C4 Post Mortem

I spent Saturday and Sunday at the 2009 Central Canada Comic Con, running board and card game demos for the good folks at Imagine Games and Hobbies. It was a good time: the con was well-attended and well-organized, and the folks who came by the game tables were all friendly and interested. Some highlights and observations:

  • My friend Pedro, who owns and runs Imagine Games with his wife Wendy, got to meet Julie Newmar, gave her an iron rose he made for her, and got her autograph and a picture with her. He has now fulfilled his childhood dream and can die happy.
  • Another friend, Sharine (whose name I have probably misspelled), had Adam West sing her the Adam West song from The Family Guy.
  • I got to high-five a bunny rabbit that had high-fived Adam West… yes, parts of the con were quite surreal.
  • I got to meet GMB Chomichuk, one of the creators of Imagination Manifesto, an interesting graphic novel that is also turning into an RPG. I haven’t read more than the first five or so pages of the book, yet, so I can’t tell you too much about it, but it looks good. And it also looks like I’ll get to take part in the blind playtest of the RPG rules.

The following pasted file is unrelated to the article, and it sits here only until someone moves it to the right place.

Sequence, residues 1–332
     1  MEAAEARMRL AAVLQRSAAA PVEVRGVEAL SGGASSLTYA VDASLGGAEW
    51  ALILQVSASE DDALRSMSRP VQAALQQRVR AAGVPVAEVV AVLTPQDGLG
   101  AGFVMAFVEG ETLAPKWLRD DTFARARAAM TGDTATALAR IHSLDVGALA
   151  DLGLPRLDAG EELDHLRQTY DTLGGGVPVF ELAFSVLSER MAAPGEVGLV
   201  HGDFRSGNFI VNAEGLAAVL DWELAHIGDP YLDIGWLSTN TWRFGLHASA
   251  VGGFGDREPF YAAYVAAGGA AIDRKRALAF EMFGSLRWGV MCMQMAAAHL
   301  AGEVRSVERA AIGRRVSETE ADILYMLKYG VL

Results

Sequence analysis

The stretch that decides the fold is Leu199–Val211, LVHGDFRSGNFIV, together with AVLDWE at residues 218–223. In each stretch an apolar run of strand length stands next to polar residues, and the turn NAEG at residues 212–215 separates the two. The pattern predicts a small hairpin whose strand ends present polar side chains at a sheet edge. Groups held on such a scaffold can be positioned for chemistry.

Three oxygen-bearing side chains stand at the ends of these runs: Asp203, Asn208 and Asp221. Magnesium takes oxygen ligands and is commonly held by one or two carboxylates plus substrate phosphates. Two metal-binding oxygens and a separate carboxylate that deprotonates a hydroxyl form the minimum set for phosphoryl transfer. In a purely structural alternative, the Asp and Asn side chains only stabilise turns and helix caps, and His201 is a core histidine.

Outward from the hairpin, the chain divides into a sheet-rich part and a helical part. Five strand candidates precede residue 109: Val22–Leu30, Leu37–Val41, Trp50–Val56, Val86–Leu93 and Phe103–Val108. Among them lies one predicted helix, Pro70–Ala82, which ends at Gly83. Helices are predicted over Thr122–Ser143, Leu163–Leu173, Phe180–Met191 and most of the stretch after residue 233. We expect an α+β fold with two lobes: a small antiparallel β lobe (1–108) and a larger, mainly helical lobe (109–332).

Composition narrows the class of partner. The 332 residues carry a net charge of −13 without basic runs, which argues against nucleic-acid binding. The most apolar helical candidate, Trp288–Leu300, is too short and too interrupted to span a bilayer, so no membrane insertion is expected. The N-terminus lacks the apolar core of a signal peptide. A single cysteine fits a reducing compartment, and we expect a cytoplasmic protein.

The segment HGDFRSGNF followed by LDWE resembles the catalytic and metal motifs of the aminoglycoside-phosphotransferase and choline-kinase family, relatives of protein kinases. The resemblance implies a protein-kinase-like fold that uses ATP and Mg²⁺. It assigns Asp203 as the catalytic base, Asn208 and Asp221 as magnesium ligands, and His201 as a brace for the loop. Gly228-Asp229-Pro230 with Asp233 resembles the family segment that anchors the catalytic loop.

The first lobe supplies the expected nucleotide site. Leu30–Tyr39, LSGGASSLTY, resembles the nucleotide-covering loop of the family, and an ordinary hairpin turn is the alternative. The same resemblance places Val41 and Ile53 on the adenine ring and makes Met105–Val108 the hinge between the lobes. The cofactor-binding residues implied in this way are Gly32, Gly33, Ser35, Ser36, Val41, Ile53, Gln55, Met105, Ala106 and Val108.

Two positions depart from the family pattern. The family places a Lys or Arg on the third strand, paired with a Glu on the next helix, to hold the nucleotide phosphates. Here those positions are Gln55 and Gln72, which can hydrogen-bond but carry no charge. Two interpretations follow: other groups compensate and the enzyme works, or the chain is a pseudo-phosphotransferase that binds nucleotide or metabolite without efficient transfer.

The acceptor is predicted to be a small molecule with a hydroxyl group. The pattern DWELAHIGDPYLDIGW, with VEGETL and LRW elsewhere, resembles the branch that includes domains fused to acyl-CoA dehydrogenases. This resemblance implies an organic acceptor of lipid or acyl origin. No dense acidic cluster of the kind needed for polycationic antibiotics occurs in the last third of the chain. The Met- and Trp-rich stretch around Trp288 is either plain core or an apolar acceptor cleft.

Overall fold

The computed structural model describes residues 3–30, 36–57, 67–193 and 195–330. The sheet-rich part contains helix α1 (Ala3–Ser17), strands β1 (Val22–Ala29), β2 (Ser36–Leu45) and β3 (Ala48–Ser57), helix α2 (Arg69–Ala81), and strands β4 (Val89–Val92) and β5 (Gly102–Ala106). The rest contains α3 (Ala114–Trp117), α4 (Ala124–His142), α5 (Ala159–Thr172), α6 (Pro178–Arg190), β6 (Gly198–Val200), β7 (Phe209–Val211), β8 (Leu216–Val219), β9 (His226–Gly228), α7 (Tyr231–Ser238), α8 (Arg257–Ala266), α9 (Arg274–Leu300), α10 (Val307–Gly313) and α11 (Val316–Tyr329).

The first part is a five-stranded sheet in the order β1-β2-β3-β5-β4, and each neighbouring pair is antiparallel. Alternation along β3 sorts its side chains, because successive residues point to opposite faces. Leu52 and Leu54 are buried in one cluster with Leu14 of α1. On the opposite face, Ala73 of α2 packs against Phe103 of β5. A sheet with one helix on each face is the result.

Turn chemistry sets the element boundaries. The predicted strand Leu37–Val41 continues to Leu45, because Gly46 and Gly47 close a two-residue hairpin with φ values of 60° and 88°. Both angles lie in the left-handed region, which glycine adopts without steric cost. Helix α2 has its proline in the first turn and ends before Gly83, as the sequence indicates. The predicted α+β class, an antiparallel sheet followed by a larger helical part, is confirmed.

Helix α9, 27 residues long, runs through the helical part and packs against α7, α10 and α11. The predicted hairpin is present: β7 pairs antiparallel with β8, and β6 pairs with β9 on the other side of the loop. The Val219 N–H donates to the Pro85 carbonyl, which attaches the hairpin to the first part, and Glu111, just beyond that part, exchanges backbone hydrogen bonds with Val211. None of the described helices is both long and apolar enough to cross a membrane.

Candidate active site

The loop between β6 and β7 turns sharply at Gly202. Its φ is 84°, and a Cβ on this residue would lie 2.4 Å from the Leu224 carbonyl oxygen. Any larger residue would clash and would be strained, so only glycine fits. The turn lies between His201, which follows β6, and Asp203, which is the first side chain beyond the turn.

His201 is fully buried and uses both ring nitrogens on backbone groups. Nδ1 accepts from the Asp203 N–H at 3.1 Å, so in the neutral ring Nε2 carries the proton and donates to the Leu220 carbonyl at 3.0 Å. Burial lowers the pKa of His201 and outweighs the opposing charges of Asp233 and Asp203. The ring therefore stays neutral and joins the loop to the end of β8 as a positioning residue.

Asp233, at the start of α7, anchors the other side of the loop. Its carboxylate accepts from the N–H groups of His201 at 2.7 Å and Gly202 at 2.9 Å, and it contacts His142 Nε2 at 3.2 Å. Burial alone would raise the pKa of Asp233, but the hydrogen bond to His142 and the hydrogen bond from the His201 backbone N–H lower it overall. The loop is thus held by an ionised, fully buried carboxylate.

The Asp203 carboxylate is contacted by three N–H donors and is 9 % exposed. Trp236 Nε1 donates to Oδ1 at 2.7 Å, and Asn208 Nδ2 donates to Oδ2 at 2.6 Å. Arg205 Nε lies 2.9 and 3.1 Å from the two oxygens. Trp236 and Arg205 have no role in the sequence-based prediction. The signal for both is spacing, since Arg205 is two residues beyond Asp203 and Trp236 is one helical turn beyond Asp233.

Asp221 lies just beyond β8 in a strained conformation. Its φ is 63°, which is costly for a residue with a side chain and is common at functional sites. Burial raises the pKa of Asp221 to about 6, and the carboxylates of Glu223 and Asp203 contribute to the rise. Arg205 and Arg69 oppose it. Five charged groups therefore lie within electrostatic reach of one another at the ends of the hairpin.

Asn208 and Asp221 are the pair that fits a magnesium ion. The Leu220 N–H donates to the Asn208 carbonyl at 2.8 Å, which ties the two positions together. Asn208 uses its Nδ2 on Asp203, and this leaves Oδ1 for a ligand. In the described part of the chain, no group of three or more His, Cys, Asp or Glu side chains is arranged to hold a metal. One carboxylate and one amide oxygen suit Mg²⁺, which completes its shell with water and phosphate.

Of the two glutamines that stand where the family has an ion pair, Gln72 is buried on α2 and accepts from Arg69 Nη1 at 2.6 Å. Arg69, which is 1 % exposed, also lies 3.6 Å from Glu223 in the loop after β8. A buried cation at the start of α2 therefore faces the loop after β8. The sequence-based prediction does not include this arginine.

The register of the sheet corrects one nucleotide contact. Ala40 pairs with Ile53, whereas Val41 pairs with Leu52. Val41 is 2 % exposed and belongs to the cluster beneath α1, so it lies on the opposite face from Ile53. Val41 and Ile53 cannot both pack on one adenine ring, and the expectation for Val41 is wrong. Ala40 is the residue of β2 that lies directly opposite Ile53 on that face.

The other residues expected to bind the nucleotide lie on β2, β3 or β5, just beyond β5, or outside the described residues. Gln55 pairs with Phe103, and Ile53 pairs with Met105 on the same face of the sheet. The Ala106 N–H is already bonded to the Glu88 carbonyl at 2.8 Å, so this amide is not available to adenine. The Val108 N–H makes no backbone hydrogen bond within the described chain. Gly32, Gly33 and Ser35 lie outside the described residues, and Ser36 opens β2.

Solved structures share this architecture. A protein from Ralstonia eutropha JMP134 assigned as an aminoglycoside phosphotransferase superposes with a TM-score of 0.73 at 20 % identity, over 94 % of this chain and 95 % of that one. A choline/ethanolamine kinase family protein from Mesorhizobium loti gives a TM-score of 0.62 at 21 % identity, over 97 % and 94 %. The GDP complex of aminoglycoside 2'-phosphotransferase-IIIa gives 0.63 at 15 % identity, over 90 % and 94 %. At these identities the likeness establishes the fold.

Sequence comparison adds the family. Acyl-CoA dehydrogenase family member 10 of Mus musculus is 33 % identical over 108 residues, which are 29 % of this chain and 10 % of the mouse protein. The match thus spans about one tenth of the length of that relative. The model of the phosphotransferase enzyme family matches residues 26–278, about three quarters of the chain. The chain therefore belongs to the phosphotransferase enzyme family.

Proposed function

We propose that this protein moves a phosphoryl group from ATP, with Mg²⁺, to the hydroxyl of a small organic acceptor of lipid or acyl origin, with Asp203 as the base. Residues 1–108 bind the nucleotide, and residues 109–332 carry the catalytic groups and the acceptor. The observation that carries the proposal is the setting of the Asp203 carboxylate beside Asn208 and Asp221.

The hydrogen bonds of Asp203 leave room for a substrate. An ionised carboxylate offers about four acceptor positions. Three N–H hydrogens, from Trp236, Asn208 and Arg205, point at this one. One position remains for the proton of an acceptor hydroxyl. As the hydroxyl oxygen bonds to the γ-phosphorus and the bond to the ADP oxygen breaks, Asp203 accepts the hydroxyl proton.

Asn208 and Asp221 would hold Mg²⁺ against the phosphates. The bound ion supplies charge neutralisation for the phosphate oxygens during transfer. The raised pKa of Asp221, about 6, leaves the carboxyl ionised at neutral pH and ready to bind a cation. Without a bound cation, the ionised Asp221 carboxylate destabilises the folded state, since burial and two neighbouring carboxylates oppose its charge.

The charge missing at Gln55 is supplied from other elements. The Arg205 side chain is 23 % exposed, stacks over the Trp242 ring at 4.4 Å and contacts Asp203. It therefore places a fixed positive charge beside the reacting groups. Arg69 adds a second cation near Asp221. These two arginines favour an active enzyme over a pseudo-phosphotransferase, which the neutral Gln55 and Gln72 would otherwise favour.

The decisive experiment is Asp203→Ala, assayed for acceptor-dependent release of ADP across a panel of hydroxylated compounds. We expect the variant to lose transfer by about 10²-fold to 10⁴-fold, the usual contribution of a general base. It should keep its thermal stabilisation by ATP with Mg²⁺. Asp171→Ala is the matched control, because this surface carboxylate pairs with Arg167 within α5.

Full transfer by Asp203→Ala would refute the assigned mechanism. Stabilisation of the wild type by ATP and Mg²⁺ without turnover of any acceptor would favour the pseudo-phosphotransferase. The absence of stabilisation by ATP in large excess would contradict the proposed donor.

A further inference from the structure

• The mornings were slow in the gaming area both days – I figure that attendees were spending the morning walking the floor, buying their stuff, and meeting the guests, then heading over to the gaming area afterward to see what was going on.
  • Afternoons were pretty full – each day I ran two game sessions in the afternoons for people showing up, which is really about all you can fit in between about 1:00 and 6:00.
  • On Saturday, I got to play The Stars are Right this time, instead of just observing. It’s fun, but there’s a tendency to bite off more than you can chew sometimes. At different moments, both I and another one of the players thought we’d be able to put together a combo that would let us summon a Great Old One, only to lose the pattern on the third push or flip, leaving us with a wasted turn. Frustrating, but still a fun moment, when you realize that the pattern in your head has collapsed and you can’t see it in the layout of the stars anymore.
  • Also on Saturday, I played a session of Fury of Dracula. I love the game, and the folks who played loved it, too. As usual in a demo with players who have never played before, I took the Dracula role, as it’s the most complex one to play. Because of weird dice luck, I wound up doing better in combat with him during the day than at night, but they still ran me to ground in Belgrade and killed me.
  • Sunday was a big day for Battlestar Galactica – I had two groups who wanted to play it specifically. Well, three, actually, but more about that below. In both games, I facilitated rather than actually playing, because there were plenty of players – the first session had five players, and the second had six. The first game, the cylons won without ever specifically revealing themselves, as the cylon admiral used some strategic choices to drive the population down to a point they just couldn’t recover from. The second game, the cylons revealed themselves very early, and really pounded on the poor humans, doing substantial damage even before the first jump. That game ended early as players had to leave, but things looked bleak for the humans.